Monday, December 16, 2013

Surviving Cancer’s “Knock-On” Effects



I just read a thoughtful article about surviving survivorship by Laura Landro, assistant managing editor of The Wall Street Journal. Her December 9th article, entitled “The Next Front in Cancer Care” is nicely summarized in the sub-head: “As More Patients Survive, Cancer Centers Handle Disease's Knock-On Effects” - http://online.wsj.com/news/articles/SB10001424052702303330204579248400281496142  

Ok, so what are “Knock-On” effects? 

Landro says “For cancer patients, getting through the rigors of treatment is the first hurdle. Then, life as a cancer survivor poses its own daunting physical and emotional challenges.”

Depressingly, she notes that these challenges are “Chemotherapy and radiation can damage vital organs such as the heart and liver, possibly causing secondary diseases years later. The body can be debilitated, cognitive functions impaired and emotions distressed, making return to normal life and work difficult. Some 70% of cancer survivors experience depression at some point. Patients have higher levels of anxiety years after the disease is cured. And there is always the chance that cancer will return.”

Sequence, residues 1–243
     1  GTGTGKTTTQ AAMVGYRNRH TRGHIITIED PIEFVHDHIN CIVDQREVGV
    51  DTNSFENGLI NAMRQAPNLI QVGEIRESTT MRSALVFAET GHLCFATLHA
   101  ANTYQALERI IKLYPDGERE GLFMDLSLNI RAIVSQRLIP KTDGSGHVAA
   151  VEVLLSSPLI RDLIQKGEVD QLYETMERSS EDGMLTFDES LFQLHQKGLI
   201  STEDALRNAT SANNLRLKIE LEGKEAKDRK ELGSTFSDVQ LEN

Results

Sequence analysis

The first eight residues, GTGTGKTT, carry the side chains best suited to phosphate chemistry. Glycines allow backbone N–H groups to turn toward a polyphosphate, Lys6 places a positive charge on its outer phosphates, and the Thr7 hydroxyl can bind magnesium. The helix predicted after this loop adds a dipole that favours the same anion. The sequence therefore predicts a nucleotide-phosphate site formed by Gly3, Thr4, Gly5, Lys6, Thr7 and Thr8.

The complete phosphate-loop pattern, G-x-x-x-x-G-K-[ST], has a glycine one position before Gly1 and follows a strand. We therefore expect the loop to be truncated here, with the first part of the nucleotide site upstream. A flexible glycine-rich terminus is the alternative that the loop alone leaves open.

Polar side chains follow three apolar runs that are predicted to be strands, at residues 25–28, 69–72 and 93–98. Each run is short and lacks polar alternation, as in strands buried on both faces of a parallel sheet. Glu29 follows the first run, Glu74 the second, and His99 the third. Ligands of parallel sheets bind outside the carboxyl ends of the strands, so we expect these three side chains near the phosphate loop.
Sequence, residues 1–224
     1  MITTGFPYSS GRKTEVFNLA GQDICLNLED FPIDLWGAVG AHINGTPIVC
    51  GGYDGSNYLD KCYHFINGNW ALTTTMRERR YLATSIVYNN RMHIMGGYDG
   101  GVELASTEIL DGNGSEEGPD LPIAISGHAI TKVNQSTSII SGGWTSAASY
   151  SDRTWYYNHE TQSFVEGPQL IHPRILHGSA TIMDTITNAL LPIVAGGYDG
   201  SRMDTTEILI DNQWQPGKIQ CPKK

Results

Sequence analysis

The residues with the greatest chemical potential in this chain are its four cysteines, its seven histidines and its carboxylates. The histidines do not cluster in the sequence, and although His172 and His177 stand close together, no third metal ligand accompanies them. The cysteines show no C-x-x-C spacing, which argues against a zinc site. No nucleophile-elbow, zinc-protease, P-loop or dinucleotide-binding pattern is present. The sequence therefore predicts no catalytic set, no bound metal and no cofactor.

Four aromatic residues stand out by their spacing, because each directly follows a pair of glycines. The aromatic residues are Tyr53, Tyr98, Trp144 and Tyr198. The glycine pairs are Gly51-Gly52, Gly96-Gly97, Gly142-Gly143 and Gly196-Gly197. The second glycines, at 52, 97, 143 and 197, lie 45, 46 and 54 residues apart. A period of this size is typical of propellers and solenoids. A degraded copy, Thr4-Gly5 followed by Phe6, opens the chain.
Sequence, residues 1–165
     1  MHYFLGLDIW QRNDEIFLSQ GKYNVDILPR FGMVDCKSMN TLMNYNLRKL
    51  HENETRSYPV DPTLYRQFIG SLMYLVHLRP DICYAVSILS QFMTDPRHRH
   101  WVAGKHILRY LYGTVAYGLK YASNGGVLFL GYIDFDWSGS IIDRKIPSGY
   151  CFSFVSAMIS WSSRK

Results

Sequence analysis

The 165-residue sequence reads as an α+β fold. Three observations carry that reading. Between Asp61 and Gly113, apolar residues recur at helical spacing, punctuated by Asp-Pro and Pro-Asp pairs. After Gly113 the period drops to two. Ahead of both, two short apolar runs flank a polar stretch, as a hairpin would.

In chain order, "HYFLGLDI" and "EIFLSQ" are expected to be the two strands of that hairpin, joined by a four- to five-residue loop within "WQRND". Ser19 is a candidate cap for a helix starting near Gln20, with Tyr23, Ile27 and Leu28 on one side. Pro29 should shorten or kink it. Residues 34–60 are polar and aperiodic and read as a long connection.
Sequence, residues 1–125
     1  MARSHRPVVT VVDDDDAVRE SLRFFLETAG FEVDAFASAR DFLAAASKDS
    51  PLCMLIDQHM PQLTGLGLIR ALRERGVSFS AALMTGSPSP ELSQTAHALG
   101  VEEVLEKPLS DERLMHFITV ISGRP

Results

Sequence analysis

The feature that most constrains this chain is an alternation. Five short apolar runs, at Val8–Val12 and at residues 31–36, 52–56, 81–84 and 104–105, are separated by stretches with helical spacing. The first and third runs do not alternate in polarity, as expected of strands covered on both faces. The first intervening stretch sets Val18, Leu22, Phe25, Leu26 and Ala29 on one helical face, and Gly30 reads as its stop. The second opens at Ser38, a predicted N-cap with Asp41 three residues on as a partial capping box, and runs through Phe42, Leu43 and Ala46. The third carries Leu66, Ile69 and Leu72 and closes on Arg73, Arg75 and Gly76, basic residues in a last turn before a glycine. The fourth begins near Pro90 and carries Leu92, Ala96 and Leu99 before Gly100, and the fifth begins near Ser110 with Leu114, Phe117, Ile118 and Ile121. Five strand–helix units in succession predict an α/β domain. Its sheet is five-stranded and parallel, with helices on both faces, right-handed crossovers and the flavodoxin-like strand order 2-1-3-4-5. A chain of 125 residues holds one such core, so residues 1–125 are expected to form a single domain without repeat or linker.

Arrggghhh! That’s scary. I’ve read about all the meningioma brain tumor victims panicking about their 6 month post-surgery MRI on ABTA’s Inspire website, so this feels both true and upsetting: https://www.inspire.com/groups/american-brain-tumor-association/discussion/meningioma-6-month-postoperative-mri/

Some cancer centers are starting to address this according to Landro, “A growing number of hospitals and community cancer centers, which treat the majority of the nation's cancer patients, are launching survivorship-care programs. These include treatment follow-up plans, physical rehabilitation and emotional assistance, such as counseling and support groups. They resemble programs currently offered by big urban cancer centers like MD Anderson in Houston and Memorial Sloan-Kettering in New York.”

Laurence Gonzales has written an entire book on this entitled Surviving Survival, which is neatly summarized in the Amazon.com description, “You have survived the crisis—trauma, disease, accident, or war—now how do you get your life back?” And while he doesn’t focus on surviving brain cancer, I believe the emotional landscape for “getting your life back” is the same.


Image credit: <a href='http://www.123rf.com/photo_23646158_fight-cancer-and-treatment-for-cancerous-tumors-health-care-symbol-with-a-medical-metaphor-of-hope-w.html'>lightwise / 123RF Stock Photo</a>

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